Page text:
Six years later after OJJDP grant scandal, still no changes in the practices and lack of transparency

By SP Biloxi

I decided to followup into any changes within the OJJDP department (part of the Department of Justice) from the OJJDP grant scandal which lead to investigation and congressional hearings six years ago. OJJDP stands for Office of Juvenile Justice and Delinquency Prevention. Six years ago, OJJDP Program Manager, whistleblower, and now CEO of Global Youth Justice Scott Peterson blew the whistle on his now former boss J. Robert Flores of waste, cronyism, and fraud in the OJJDP grant procedures. Flores was accused of awarding grants to organizations that didn’t score as high in merit for political purposes and not awarding grants to organizations that had high scores. Here is the YouTube video of the OJJDP scandal reported by Brian Ross on ABC Nightline:

As of today, there is still work to do in the OJJDP department. In Juvenile Justice Information Exchange website in an article in April, there is a lack of transparency existed for all federal grants to show a fairness in competition:

A 2012 Congressional Research Service report also noted that this lack of transparency existed for all federal grants and even noted that some of the factors used in formula grants are not publicly available either.

“Without greater transparency into these processes, it is difficult for Congress to measure the effectiveness of federal grant allocation formulas or to determine whether there has been fair competition in the awarding of federal grants,” the report said.

A member of Congress introduced a bill last year to change the way of disclosing grants. Yet, the bill  has been brought up to Congress to vote and doesn’t address certain aspects the grant procedures:

U.S. Rep. James Lankford, (R-Okla.), hopes to change the way grants are currently disclosed. Last fall he introduced the Grant Reform and New Transparency Act of 2013 or GRANT Act, which calls for agencies to post information about each grant opportunity, a copy of a successful grant abstract or application, award decisions including rankings and the name or a unique identifier of peer reviewers, and a final performance report at the end of the grant.

The bill would protect national security and some proprietary information by not requiring agencies to post information that would otherwise be exempt under the Freedom of Information Act, Lankford’s office says.

Under the proposal, agencies will also be required to screen potential grantees to ensure they’re capable of performing the grant. The bill also offers those that lost out on grants valued at more than $100,000 the chance to request a debriefing with the agency, which the agency must provide.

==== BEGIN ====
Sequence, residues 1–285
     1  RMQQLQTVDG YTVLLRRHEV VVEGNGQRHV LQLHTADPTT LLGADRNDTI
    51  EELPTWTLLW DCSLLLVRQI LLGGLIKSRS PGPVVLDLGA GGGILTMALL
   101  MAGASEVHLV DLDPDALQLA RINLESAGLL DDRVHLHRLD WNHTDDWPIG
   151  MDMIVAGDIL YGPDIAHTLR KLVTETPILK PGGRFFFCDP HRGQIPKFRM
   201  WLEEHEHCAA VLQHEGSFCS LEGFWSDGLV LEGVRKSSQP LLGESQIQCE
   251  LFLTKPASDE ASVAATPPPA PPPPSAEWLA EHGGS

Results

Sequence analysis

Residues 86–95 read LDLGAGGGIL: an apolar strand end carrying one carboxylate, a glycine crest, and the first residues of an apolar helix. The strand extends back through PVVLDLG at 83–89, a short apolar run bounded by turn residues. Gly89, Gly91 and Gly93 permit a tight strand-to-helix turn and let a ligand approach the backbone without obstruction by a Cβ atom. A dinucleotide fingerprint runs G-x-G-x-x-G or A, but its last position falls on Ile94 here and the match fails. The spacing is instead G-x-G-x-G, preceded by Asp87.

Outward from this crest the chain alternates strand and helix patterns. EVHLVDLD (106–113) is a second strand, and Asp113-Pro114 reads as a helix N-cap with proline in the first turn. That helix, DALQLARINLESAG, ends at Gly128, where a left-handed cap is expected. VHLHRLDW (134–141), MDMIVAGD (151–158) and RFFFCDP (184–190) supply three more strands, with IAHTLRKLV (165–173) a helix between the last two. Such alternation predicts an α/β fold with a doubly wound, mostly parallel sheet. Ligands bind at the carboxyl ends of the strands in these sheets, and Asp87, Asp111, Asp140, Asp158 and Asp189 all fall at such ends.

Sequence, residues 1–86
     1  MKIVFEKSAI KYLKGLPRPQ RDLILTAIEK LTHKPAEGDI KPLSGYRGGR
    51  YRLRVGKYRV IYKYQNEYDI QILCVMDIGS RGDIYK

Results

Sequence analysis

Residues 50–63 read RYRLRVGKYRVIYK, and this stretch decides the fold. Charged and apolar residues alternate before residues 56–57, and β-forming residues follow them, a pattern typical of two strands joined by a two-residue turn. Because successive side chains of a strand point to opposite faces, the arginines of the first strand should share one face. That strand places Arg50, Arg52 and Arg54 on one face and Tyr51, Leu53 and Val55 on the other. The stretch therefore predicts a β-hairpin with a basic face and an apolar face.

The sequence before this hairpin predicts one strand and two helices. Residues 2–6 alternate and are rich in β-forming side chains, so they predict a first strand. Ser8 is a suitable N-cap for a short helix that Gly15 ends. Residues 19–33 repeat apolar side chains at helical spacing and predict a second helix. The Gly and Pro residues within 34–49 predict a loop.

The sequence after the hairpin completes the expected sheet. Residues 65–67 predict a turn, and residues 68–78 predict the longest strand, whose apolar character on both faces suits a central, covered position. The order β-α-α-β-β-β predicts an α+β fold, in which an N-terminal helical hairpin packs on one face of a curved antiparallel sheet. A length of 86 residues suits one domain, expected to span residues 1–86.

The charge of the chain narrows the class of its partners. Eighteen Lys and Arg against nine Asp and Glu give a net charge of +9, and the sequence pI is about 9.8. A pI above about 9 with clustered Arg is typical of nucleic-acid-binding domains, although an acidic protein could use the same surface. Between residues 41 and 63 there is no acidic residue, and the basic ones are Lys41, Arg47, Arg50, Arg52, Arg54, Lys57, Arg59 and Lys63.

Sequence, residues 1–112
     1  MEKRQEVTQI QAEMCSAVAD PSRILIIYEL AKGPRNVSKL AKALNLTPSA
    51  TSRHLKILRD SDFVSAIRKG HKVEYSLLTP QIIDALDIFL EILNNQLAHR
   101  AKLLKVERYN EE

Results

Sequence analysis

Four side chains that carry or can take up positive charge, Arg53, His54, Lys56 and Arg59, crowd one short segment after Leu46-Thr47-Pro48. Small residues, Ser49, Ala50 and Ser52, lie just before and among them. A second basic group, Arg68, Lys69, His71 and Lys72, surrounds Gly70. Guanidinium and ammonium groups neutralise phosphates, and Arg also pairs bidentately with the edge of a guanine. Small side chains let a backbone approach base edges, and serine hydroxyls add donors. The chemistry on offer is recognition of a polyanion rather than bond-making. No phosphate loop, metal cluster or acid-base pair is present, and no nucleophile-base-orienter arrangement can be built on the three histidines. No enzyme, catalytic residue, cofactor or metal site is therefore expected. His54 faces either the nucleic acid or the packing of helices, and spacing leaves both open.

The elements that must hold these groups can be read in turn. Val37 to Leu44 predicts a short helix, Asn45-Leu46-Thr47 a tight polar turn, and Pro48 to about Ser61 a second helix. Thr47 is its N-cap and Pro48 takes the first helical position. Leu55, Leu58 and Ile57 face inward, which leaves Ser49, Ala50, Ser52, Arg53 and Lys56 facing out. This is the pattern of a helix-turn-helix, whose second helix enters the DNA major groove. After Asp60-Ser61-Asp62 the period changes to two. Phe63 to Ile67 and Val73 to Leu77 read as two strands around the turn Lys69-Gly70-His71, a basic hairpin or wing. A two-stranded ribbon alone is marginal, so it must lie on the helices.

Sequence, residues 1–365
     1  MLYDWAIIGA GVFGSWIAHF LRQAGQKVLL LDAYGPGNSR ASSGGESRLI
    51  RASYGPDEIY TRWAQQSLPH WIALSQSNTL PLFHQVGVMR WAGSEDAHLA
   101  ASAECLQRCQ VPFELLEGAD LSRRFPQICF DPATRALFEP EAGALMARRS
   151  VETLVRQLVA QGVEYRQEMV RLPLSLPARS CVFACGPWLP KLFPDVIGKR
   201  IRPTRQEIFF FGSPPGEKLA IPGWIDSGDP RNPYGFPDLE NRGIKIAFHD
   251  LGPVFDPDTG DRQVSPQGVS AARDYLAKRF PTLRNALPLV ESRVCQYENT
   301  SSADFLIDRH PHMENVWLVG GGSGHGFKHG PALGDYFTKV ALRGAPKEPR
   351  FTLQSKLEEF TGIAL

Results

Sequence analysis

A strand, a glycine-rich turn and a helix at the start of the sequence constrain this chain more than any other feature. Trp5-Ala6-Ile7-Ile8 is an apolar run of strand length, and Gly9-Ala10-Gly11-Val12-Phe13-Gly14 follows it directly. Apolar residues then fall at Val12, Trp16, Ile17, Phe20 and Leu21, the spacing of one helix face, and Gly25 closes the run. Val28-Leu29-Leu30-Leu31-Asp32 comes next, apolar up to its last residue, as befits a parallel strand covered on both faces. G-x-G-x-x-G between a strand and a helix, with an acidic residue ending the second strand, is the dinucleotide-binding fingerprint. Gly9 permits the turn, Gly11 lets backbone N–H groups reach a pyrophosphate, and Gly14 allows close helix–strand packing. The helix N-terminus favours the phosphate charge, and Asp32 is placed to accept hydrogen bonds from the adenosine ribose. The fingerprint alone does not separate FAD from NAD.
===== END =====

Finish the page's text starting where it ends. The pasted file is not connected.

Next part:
The bill doesn’t address invited awards, which are still very much a part of the OJJDP grant process. In 2013 alone, the agency awarded about $106 million through invited grants, according to a recent JJIE report. Lankford said he wasn’t aware of invited awards, but said it didn’t sound fair.

“This is a competitive merit-based process and we want that criteria to be clearly known in advance,” Lankford says. “The bill provides everyone with the opportunity to know how their federal tax dollars are being used.”

The aim is to help groups that are doing well but can’t seem to break into and be successful at the grant process to learn why they failed and how they can do better next time, Lankford says. And it will also shed light on the very small group of well-connected people that get grants all the time, he adds.

The bill was amended and approved by the House Oversight Committee to add some protections for peer reviewers and intellectual property issues, Lankford says. The congressman introduced a similar bill in the last legislative session but it never got to a House vote. At that time, it faced opposition from academic groups concerned that it could jeopardize intellectual property rights and reveal proprietary information. They also objected to revealing names or unique identifiers of peer reviewers as many research areas have a small pool of potential reviewers that can be easily identified.

So far, his bill is still very much alive, Lankford says, adding that he’s gotten bipartisan support for it and it’s awaiting a House vote.

I asked Scott Peterson for a response to lack of transparency of the OJJDP grant procedures. His email response today to me: “Release the scores and rankings for non-competitive federal grants !!!!” We only hope that will happen.

For more information on the OJJDP scandal. Click here and here.

One response to “Six years later after OJJDP grant scandal, still no changes in the practices and lack of transparency

  1. Pingback: Here we go again: Fraud allegations in Office of Juvenile Justice and Delinquency Prevention | Justice League

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